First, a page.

Most of the trees in the cathedral belong to a family known as Dipterocarpaceae. This family of trees dominates Borneo’s rainforests. What makes Borneo’s rainforests unique among the rainforests of the world is the manner in which the Dipterocarps reproduce. Every 4-9 years, the Dipterocarps come into flower synchronously and then fruit en masse in a phenomenon known as mast fruiting. The exact timing of such masts is difficult to predict but they are known to occur during El Nino years. The drought caused by an El Nino likely stresses the trees and makes them want to set seed. Many other families of trees follow the Dipterocarps and also come into flower and fruit during masts. The grandeur of a mast fruiting event has to be witnessed to be believed. I was fortunate to be in the Maliau Basin during the 2014 mast event. During February-June, the trees slowly became covered by what looked as dull brown fuzz, the effect of thousands of winged fruits maturing on the branches. From mid July, the winged fruits began to gyrate from the tops of the trees, whirling down to the forest floor. The effect of millions of seeds of multiple species on the forest floor was akin to that of a unbroken carpet – initially formed by seeds and subsequently, by seedlings. It was literally impossible to step on any part of the forest floor without stepping on a few seeds or seedlings.

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It has been hypothesized that the most likely reason for the phenomenon of mast fruiting is to satiate seed predators. Numerous species of insects, fungi and vertebrates such as rodents and bearded pigs find the seeds nutritious and eat large quantities of them. The sheer number of seeds produced in a very short time likely fills up most predators and allows some seeds to germinate and survive into seedlings. A proportion of seedlings survive to become saplings and an even smaller proportion to become adults. This phenomenon of mast fruiting and predator satiation has been occurring in Borneo’s rainforests over millennia.

The situation in logged forests, however, was nothing like that in old growth forests in the Maliau Basin. Most large adult Dipterocarps are removed during the first round of logging. Subsequent rounds of logging remove even more reproductive adult trees. The few remaining trees are small and are likely not reproductively as active. Furthermore, if the remaining trees are spatially isolated from each other, cross-pollination may be adversely impacted. I observed few seeds in the logged forest at SAFE during the mast, a fraction of what I observed at Maliau. There were no seed and seedling carpets to be seen. In such a scenario, the few seeds that fell to the forest floor were vulnerable to being eaten by seed-eating animals and fungi. The few seedlings that germinated were also vulnerable to the altered microclimatic conditions of logged forests.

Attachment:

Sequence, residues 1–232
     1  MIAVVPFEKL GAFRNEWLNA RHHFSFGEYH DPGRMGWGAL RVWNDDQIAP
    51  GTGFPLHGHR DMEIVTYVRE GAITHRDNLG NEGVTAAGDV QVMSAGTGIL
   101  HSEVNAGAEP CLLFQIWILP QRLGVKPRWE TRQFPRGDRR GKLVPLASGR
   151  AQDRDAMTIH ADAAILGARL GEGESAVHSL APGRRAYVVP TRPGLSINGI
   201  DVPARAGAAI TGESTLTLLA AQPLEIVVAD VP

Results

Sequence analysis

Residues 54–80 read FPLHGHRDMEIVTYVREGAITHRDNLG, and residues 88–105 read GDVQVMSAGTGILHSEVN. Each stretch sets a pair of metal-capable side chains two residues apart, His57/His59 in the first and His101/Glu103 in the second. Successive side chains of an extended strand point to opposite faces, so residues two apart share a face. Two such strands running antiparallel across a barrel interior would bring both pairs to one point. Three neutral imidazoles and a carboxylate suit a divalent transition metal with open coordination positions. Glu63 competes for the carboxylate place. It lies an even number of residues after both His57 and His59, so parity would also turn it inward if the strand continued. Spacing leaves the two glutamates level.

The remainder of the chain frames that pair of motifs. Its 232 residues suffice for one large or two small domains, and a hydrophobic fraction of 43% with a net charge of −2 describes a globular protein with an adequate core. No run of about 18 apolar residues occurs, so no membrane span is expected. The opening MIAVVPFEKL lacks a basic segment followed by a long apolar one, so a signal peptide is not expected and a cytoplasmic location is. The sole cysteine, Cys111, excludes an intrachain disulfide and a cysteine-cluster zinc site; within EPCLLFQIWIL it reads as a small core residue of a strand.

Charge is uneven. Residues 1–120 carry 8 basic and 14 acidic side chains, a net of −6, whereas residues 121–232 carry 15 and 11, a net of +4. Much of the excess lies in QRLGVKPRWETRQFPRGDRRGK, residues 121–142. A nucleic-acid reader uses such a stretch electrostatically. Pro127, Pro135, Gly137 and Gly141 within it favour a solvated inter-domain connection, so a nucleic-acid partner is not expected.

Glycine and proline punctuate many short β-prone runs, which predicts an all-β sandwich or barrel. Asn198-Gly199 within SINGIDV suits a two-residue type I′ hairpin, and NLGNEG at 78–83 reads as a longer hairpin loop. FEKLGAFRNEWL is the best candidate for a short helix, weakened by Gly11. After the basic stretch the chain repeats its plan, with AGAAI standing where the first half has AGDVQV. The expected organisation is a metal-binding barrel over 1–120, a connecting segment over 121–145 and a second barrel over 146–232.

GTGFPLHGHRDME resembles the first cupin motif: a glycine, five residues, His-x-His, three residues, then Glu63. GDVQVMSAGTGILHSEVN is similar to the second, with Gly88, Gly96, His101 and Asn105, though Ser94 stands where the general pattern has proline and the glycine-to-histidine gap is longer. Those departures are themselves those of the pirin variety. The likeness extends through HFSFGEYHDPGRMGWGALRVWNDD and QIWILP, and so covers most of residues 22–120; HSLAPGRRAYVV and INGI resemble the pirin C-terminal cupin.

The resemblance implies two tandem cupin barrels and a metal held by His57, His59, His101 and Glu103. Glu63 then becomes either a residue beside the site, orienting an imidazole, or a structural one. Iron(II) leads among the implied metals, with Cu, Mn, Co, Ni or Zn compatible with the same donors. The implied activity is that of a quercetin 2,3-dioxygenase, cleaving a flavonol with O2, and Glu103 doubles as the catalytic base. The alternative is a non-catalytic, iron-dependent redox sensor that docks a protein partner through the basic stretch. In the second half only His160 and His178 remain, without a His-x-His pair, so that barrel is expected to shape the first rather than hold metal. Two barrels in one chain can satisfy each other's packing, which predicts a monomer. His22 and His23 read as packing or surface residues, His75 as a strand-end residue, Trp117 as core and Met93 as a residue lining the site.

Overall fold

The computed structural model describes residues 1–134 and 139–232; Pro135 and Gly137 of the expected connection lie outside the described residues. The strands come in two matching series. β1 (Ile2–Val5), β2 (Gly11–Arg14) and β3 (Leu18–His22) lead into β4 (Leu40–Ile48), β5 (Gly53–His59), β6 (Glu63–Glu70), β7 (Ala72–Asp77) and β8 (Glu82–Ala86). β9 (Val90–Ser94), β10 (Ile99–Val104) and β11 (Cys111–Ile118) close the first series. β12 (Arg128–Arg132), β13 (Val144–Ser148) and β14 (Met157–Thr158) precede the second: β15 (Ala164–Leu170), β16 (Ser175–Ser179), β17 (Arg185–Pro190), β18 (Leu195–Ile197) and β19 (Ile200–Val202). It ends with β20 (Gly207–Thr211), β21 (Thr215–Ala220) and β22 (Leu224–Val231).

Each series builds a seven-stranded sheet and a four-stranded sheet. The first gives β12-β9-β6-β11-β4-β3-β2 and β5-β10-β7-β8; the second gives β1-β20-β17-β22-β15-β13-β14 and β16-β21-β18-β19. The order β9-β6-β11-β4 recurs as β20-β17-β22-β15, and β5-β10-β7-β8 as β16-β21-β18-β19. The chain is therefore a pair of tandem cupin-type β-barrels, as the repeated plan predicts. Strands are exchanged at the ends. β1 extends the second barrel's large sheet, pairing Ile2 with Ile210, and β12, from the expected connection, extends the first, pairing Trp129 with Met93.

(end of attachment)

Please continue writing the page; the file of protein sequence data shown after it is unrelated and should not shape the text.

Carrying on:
As recently as a hundred years ago, much of Borneo was covered in rainforests that must likely have formed similar cathedrals. The advent of man, subsequent timber extraction and agricultural expansion altered the landscape drastically. Furthermore, ongoing climate change may pose a problem for mast fruiting, even in protected areas. Trees invest much energy into reproductive events such as masting. Consecutive or rapid masts are known to occur but are usually rare since trees have little energy for back-to-back masts. There was a mast in some parts of Borneo in 2015. The 2016 El Nino has been rather severe, causing the river that supplies the SAFE camp with water to run dry. It is unknown whether such frequent droughts may interfere with the mast fruiting cycle of trees. Of the many seedlings produced during a mast, most will not survive the onslaught of seed predators. Of the handful that do, how many will withstand the onslaught of climate, logging and agricultural expansion to poke their heads above the canopy of the cathedral forests a few hundred years from now?